Following hot on the heels of The Poet X, Clap When You Land is Elizabeth Acevedo’s second verse novel. It tells the story of two unwitting sisters—Camino in the Dominican Republic and Yahaira in New York—who learn of each other’s existence and their father’s secret double life when he dies in a tragic plane crash.

Yahaira—the lucky New Yorker who gets to be with her father throughout the year—is a dark-skinned chess champion blessed with a gentle, garden-loving girlfriend and the funds to pursue her wildest dreams. Camino—the poor Dominican relegated by their joint father to summer visits and sporadic phone calls—is a light-skinned sea-loving island girl who dreams of studying medicine in the big smoke and leaving behind a homeland that, for all its abundance, eats away at her livelihood.

From the colourful houses of the Dominican Republic to the boroughs of New York, this 400-page landscape of considered and crafted verse feels majestic in its scope as it covers everything from colourism to how loss makes space for gain. In her author’s note, Acevedo states that she was inspired by the real Dominican Republic-bound flight AA587 which crashed in 2001. While the story was largely lost in the wake of the 9/11 news storm, Clap When You Land zooms in on a forgotten event that shook the community apart to craft a story of remembrance, resilience, and representation in loudly lucid lines.

Clap When You Land zooms in on a forgotten event that shook the community apart to craft a story of remembrance, resilience, and representation in loudly lucid lines.”

Clap When You Land’s verse is certainly measured: there is a lot of pressure on the words to hit the mark, to ‘land’. It takes time to get your bearings and once you do, the plot’s path becomes somewhat predictable. A significant chunk of the novel is spent awaiting the inevitable climax in which Yahaira meets Camino at their father’s funeral. When things do happen, such as Camino’s assault by the predatory El Cero who stalks the fringes of the novel, the verse runs skipping over these at lightning speed.

The reticent verse style may also be to blame for the cursory character development. Yahaira’s girlfriend ‘Dre seems too much a cardboard cut-out carelessly inserted to tick representation boxes. Most troubling is Yahaira’s mother, who vacillates between being the father’s trophy wife and brief snippets of a strong woman with a complex backstory that is never fleshed out.

That said, this is a womanist story that celebrates all the ways in which women love one another. The father, who we never meet, operates as an empty core at the centre of the narrative. His death is a functional catalyst that brings together women who choose to love, rather than hate, one another. After losing her mother young, Camino gains a welcoming stepmother who refuses to punish the child for the sins of her double-dealing father.

“Acevedo launches into a verse adventure that holds you up high and does not ever let you down.”

Clap When You Land’s real story lies in the elegance of its musical lines filled with moving word choices and masterful endings, attesting to a poet who has reached the height of her craft. From the first few lines about Camino’s Dominican barrio drowning in mud and poverty, Acevedo launches into a verse adventure that holds you up high and does not ever let you down. In spite of the sometimes overly dramatic tale of crashing planes, long-lost siblings, and family intrigue, Clap When You Land holds you comfortably between warm lines and pages. This is a book to get lost in: you will surrender to the poignant verse as it masterfully pulls the puppet strings of its characters and your heart.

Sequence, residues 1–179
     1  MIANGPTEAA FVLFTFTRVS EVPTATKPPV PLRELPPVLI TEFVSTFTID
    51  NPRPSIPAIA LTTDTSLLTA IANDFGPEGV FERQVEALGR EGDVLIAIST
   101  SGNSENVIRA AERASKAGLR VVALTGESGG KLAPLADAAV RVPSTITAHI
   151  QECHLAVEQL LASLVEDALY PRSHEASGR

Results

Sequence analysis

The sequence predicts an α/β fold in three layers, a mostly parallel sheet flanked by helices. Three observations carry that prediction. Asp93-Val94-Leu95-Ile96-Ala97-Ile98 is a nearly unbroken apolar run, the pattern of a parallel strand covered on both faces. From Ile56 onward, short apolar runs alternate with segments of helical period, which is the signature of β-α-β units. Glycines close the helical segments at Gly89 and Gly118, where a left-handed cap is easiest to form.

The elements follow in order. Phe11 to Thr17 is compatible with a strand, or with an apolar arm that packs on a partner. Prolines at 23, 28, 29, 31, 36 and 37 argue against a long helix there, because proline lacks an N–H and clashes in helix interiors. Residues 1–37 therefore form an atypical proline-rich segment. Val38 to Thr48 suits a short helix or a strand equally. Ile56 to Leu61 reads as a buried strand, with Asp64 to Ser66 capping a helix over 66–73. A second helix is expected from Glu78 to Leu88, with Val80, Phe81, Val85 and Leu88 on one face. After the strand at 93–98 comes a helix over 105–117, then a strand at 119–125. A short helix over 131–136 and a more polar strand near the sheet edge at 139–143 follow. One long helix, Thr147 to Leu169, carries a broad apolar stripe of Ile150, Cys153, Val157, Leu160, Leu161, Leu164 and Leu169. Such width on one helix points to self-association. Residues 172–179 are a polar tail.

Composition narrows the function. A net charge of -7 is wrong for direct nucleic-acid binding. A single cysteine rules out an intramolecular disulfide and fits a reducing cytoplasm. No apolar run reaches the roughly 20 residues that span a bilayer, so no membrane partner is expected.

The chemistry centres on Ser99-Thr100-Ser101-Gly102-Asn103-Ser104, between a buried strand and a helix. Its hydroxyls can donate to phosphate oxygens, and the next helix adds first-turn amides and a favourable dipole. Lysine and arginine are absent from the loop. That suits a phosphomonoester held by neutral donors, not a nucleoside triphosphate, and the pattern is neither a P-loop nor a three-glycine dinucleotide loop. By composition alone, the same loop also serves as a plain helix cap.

By Jane Link

JANE LINK is a master’s student and an editor for Split Lip MagazineThe Publishing Post, and her own beloved bigblackbooks. When not trying to land her first job in publishing, Jane loves to read historical fiction, self-help, and everything by Black voices. She dreams of one day setting up an independent dedicated to publishing those voices. You can find her on Twitter @verybookishjane.

ELIZABETH ACEVEDO is the New York Times bestselling author of The Poet X, which won the National Book Award for Young People’s Literature, the Michael L. Printz Award, the Pura Belpré Award, the Carnegie medal, the Boston Globe–Horn Book Award, and the Walter Award. She is a National Poetry Slam Champion, and resides in Washington, DC with her love. You can find her on her website.

Clap When You Land is a fierce verse novel based on the other 2001 plane crashClap When You Land by Elizabeth Acevedo
Published by Hot Key on 5 May 2020
Genres: Afro-Latinx, YA, Romance, Coming-of-age, #ownvoices, Novel-in-verse
Pages: 417
Format: Paperback
Buy on Bookshop.org
Goodreads
three-half-stars

Camino Rios lives for the summers when her father visits her in the Dominican Republic. But this time, on the day when his plane is supposed to land, Camino arrives at the airport to see crowds of crying people ... In New York City, Yahaira Rios is called to the principal's office, where her mother is waiting to tell her that her father, her hero, has died in a plane crash. Separated by distance - and Papi's secrets - the two girls are forced to face a new reality in which their father is dead and their lives are forever altered. And then, when it seems like they've lost everything of their father, they learn of each other. Papi's death uncovers all the painful truths he kept hidden, and the love he divided across an ocean. And now, Camino and Yahaira are both left to grapple with what this new sister means to them, and what it will now take to keep their dreams alive. In a dual narrative novel in verse that brims with both grief and love, award-winning and bestselling author Elizabeth Acevedo writes about the devastation of loss, the difficulty of forgiveness, and the bittersweet bonds that shape our lives.